If I am teaching a higher education student then I would focus on what they already know and what they need to know to negotiate educational technologies.

More generally, I might focus on creativity to start, familiarisation with different tools, building and understanding that skills are transferable, building good identity and wellness habits when using ICT.

All of this can start off-line and build into online skills, capabilities and understandings.

What are your favourite instructional books or resources on digital literacies?

My favourite resources … other people, Dr. Google …

If people were to teach themselves what would you suggest they use?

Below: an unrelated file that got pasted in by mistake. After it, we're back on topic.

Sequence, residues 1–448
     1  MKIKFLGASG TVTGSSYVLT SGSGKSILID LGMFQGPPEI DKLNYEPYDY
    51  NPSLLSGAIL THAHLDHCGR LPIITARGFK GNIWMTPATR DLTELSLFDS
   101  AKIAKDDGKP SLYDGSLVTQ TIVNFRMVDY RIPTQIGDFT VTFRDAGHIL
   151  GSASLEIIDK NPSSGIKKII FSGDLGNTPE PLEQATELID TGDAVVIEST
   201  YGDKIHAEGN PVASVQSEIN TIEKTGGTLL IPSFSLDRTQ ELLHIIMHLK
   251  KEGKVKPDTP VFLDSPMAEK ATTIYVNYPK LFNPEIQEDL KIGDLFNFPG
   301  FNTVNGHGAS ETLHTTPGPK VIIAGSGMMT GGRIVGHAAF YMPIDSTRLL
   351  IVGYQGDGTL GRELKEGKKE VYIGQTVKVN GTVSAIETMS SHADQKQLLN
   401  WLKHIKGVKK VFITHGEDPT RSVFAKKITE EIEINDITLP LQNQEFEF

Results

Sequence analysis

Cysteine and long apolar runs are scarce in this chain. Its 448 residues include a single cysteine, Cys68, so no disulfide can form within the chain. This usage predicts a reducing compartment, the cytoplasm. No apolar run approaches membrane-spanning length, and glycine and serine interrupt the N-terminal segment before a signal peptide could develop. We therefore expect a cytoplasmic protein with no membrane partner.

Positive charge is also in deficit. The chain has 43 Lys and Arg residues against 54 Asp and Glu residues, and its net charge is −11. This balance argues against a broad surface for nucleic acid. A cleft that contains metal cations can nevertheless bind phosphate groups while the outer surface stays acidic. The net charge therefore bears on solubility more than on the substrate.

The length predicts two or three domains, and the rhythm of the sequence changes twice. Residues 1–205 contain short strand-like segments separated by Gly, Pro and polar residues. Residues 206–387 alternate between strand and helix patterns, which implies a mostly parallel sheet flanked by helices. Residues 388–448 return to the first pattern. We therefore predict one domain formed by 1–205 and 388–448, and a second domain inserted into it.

As for teaching themselves, I’m not sure that is possible without having a well-structured framework to guide their learning.

The biggest hurdle to being digitally literate is not being able to recognise when you don’t know something. I think this is the biggest shortcoming of current digital users. (Tweet this)

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Helen Beetham

Helen Beetham
Digital literacy, digital wellbeing, higher education, poetry, hill running, ideas mainly from the left of field. Devon, UK.

What are the biggest myths you see about becoming digitally literate?

MYTH: There is a discrete thing called ‘digital literacy’. Digital literacy can be clearly defined and assessed and is the same for everyone.